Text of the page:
We are not made for the mountains, for sunrises, or for the other beautiful attractions in life - those are simply intended to be moments of inspiration. We are made for the valley and the ordinary things of life and that is where we have to prove our stamina and strength.
Perhaps not everyone believes that movies mimic real life, but when I think about some of the most motivational videos I’ve seen, they include some sort of three-minute Hollywood montage where the underdog trains like hell for the upcoming battle of wills. Some that come to mind are Rocky and Kickboxer. Something about them gets you fired up like nothing else! Montages certainly have their virtues when it comes to motivating people and getting them off of their chairs. At the same time, they have another effect.
They set unrealistic expectations of hard work.
I recently watched an awesome talk by Eric Reis, author of The Lean Startup, which really got me thinking about this Hollywood phenomenon. He talks about the movie The Social Network, and the montage that shows how Mark Zuckerberg created Facebook. Essentially, the movie makes Facebook’s creation out to be a quick process and an overnight success. Without a doubt, Facebook quickly rose to success, but they are certainly the anomaly. However, far more sweat and elbow grease went into the creation of Facebook than The Social Network makes it seem.
Here is the dirty, ugly, inconvenient truth:
To master something and/or to have success in your endeavors, you will need to work far longer and harder than you thought was even possible.
That’s why I have such a problem with the movie montage. Growing up, I thought it would only take a few months of sweating and putting in the effort to make my dreams a reality. However, even for the boy genius that is Mark Zuckerberg, his first website was created when he was he was only 15. That means it took him 5 years of learning before he even began to create Facebook, not to mention the years of work after to grow it to what it has become today.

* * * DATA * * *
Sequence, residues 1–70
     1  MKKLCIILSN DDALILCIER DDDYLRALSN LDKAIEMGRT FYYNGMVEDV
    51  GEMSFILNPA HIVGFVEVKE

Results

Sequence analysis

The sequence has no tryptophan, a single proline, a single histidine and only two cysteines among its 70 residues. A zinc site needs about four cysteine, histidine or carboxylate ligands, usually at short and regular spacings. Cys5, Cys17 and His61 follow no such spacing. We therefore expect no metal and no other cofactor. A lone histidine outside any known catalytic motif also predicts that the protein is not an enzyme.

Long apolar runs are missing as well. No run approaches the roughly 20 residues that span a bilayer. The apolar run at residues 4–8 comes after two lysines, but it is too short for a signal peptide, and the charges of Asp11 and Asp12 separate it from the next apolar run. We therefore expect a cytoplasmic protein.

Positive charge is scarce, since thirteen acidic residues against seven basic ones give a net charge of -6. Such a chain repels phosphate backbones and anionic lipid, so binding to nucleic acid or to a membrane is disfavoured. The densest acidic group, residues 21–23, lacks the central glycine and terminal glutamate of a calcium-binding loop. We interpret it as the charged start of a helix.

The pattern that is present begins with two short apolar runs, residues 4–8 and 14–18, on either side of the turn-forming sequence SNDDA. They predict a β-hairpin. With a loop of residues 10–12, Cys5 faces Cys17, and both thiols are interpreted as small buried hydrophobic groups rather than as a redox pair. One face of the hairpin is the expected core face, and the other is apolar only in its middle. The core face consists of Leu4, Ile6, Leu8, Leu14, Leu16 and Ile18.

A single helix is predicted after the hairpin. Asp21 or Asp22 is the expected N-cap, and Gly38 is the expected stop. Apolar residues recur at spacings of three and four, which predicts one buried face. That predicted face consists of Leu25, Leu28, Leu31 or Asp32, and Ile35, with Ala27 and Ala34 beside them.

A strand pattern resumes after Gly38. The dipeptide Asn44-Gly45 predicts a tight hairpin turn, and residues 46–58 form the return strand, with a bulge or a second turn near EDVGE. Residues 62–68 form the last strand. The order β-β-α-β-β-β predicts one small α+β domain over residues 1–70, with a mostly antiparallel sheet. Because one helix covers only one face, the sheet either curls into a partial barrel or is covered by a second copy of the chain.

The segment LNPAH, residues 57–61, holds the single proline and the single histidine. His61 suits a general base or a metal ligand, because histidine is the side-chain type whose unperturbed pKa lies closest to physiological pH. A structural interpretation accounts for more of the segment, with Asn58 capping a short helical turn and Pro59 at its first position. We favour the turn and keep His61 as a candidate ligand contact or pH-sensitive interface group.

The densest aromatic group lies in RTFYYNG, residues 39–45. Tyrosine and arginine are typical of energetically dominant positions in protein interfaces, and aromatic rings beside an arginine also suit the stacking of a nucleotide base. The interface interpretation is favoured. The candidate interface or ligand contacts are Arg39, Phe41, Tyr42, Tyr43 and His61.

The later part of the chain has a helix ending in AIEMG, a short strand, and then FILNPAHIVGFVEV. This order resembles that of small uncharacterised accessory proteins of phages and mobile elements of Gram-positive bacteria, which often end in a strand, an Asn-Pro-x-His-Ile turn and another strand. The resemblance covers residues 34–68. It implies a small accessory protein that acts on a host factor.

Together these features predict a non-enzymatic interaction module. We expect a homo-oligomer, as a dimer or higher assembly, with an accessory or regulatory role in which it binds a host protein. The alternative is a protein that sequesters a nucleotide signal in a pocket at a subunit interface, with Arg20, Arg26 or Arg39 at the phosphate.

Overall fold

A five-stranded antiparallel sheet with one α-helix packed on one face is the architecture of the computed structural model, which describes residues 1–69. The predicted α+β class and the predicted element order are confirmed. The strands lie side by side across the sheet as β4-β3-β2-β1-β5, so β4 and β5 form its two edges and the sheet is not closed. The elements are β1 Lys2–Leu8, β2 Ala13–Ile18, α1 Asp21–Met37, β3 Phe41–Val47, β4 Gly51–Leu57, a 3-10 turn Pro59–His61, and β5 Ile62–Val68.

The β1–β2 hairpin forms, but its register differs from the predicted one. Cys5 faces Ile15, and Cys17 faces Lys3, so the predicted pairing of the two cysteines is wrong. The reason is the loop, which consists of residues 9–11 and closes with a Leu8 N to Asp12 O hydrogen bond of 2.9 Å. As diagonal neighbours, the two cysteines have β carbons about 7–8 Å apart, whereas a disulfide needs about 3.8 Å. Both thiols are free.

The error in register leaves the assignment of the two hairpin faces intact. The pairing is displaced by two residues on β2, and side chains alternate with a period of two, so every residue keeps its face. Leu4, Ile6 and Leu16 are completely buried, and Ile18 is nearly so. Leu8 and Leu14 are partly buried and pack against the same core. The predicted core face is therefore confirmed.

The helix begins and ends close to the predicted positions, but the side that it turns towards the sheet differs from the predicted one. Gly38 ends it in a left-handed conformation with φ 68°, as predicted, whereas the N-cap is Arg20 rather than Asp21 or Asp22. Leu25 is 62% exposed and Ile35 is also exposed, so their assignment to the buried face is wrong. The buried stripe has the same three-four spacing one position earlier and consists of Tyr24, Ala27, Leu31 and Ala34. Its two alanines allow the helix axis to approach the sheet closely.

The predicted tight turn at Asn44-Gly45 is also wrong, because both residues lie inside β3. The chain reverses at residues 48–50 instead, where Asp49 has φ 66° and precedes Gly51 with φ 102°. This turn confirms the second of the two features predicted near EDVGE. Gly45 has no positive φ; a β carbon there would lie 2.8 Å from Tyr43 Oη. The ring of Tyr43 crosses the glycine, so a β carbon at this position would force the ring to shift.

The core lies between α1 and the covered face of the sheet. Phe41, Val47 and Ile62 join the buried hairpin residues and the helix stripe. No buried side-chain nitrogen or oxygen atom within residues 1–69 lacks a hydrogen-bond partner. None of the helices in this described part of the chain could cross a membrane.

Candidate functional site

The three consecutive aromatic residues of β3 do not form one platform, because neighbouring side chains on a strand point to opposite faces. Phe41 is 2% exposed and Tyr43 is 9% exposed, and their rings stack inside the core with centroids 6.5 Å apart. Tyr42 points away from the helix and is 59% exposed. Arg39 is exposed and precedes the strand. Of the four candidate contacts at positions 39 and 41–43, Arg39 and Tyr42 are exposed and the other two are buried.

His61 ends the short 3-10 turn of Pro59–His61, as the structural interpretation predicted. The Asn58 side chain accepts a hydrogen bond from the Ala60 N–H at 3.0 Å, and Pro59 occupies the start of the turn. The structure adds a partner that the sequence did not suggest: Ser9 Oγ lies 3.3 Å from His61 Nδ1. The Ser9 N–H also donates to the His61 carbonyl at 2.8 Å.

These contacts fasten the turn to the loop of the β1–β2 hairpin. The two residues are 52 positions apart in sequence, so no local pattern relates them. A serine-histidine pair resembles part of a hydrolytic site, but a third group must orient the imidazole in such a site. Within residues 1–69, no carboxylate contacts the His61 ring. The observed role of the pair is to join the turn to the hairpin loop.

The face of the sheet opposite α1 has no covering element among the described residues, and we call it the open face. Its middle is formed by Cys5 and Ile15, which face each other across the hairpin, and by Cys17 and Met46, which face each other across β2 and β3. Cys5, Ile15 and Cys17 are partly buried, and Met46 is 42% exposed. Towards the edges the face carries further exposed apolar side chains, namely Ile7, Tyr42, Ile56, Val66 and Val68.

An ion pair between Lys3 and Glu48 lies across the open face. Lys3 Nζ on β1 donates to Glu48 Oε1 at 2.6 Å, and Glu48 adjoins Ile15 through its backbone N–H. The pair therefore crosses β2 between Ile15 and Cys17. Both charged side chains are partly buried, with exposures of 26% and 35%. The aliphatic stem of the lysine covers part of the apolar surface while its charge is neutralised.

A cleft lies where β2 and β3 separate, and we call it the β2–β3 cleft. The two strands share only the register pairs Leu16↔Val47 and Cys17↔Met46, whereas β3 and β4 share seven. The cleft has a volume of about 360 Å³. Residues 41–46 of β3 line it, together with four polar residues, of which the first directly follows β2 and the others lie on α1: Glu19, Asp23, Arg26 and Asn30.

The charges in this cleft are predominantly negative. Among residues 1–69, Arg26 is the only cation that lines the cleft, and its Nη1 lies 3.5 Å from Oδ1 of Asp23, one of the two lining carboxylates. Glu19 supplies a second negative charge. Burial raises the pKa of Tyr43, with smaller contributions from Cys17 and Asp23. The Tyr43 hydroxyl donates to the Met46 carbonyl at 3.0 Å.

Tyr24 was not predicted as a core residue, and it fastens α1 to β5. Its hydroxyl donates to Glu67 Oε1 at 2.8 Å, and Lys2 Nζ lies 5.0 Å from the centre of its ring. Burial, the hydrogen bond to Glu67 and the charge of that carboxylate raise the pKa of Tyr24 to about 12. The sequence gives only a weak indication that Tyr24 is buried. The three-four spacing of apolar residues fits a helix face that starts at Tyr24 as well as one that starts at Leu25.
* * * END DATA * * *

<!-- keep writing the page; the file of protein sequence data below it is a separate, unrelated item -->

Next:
Short-term expectations lead people to give up on their dreams after only months because they have this deep-seated belief that if they were really supposed to have success, they would have it after months of hard work. Since no success has come their way yet, it’s best to settle for a job that pays a wage and provides some certainty.
Success and breakthroughs are on no definite timeline.
It may come very quickly for some who are in the right place at the right time with the right amount of talent, or it may never come at all. I can’t guarantee you that even when you put in hard work for the rest of your life that you’ll be successful. I can, however, make you two promises.
1. You will definitely NOT be successful if you don’t put in the hard work for a very, very long time.
Spark Your Growth
If you’re like I was and have preconceived notions about the path to success and how long it will take, I urge you to reconsider. Hard work is not glamorous. Sometimes it is tedious. Sometimes it’s painful. You’ll probably have to make sacrifices in other areas of your life to pursue your dreams. You’ll be tempted. You’ll fail. You’ll feel unmotivated.
Here’s the good news: When you commit to hard work, and I mean with your whole being, and you commit yourself to a dream, you will separate yourself from the vast majority of people. People won’t notice, and you probably won’t be praised for the work you do behind closed doors. In fact, some people might criticize you, especially if you haven’t been hanging around as much since you've begun your journey.
This is why it’s imperative to believe in yourself and your dream. You need to know that you are on the right path, and that you are capable of achieving. I promise, if you’re reading this, then you already are.